WASHINGTON, D.C. — President Barack Obama is calling for a balanced approach to a “responsible” budget as members of the U.S. Senate and U.S. House move forward following a 16 day partial federal government shutdown and near default.
On Thursday, the day after a compromise agreement to temporarily reopen the government and raise the debt ceiling was approved, President Obama said the U.S. would “bounce back” from the problems created during the standoff which, he said, caused “completely unnecessary damage” to the economy.
“There are no winners here,” the President said at the White House.
Every member of West Virginia’s Congressional delegation voted for the last-ditch compromise agreement. The vote in the Senate was 81-18, while the vote in the House was 285-144.
Former state Republican Party Chairman Mike Stuart said he was “not happy” with the short term resolution for many reasons.
“We’ve kicked the can down the road. We haven’t solved any issue here and it’s unfortunate,” said Stuart. “What (President) Obama got here was exactly what he wanted. What Republicans had asked for here, at least a negotiation on some of these very serious issues, we got none of it.”
The compromise agreement reopens the government through Jan. 15, raises the debt ceiling until Feb. 7 and, in doing so, allows a House-Senate bipartisan group of lawmakers to develop a long term budget plan to avert shutdowns over the next ten years, along with possible defaults.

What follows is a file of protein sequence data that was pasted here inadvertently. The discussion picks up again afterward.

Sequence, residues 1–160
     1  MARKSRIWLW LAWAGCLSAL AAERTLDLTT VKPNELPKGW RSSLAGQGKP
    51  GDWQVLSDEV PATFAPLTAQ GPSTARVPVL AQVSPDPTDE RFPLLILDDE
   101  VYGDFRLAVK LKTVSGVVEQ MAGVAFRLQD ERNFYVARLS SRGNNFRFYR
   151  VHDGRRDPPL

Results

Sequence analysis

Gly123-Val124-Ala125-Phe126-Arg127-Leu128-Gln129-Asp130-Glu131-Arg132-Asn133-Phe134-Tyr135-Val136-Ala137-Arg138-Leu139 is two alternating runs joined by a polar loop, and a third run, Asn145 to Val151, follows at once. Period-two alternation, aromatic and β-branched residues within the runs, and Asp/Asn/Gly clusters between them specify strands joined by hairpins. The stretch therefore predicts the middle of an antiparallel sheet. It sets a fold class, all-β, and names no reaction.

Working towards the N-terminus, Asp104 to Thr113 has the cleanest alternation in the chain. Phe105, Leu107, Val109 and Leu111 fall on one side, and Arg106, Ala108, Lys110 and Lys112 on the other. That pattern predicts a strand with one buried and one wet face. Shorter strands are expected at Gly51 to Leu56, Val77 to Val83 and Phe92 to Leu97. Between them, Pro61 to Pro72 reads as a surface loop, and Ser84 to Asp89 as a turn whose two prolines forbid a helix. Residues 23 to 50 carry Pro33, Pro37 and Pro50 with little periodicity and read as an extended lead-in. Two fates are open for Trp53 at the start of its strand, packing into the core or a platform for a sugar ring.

The co-chairs of that group will be Senate Budget Committee Chair Patty Murray (D-Wash.) and House Budget Committee Chair Paul Ryan (R-Wis.). A report to Congress is due by Dec. 13.
When it comes to those budget talks, former state Democratic Party Chairman George Carenbauer said a large scale view should be taken. “Let’s take a look at everything,” he said. “Let’s take a look at the whole picture, our entitlement programs, our other programs, the revenue sources that we have. Don’t keep anything off the table.”
The legislative stalemate started with budgetary disagreements about the Affordable Care Act.
Second District Congresswoman Shelley Moore Capito said the issues with the health care reform law still need to be addressed.
“It doesn’t take a rocket scientist to know that there are major, systemic problems with Obamacare,” she said. However, she said shifting the focus to spending and a budget committee makes sense. “Obamacare will move into that discussion as well,” she said.
Capito is a candidate for the Republican nomination for the U.S. Senate.
In a statement, Secretary of State Natalie Tennant, a candidate for the Democratic nomination, said the following: “I opposed this government shutdown from the very beginning because it was bad for West Virginia,” she said. “Congresswoman Capito voted five times between Sept. 20 and Oct. 1 to shut down the government, putting Washington politics ahead of West Virginia’s people.”
Capito was asked about Tennant’s statement on Thursday’s MetroNews “Talkline.” “Politics is for another day. I’m really about trying to solve problems here and I’m going to stick with that because that’s my job,” she said.
Carenbauer and Stuart were also guests on Thursday’s MetroNews “Talkline.”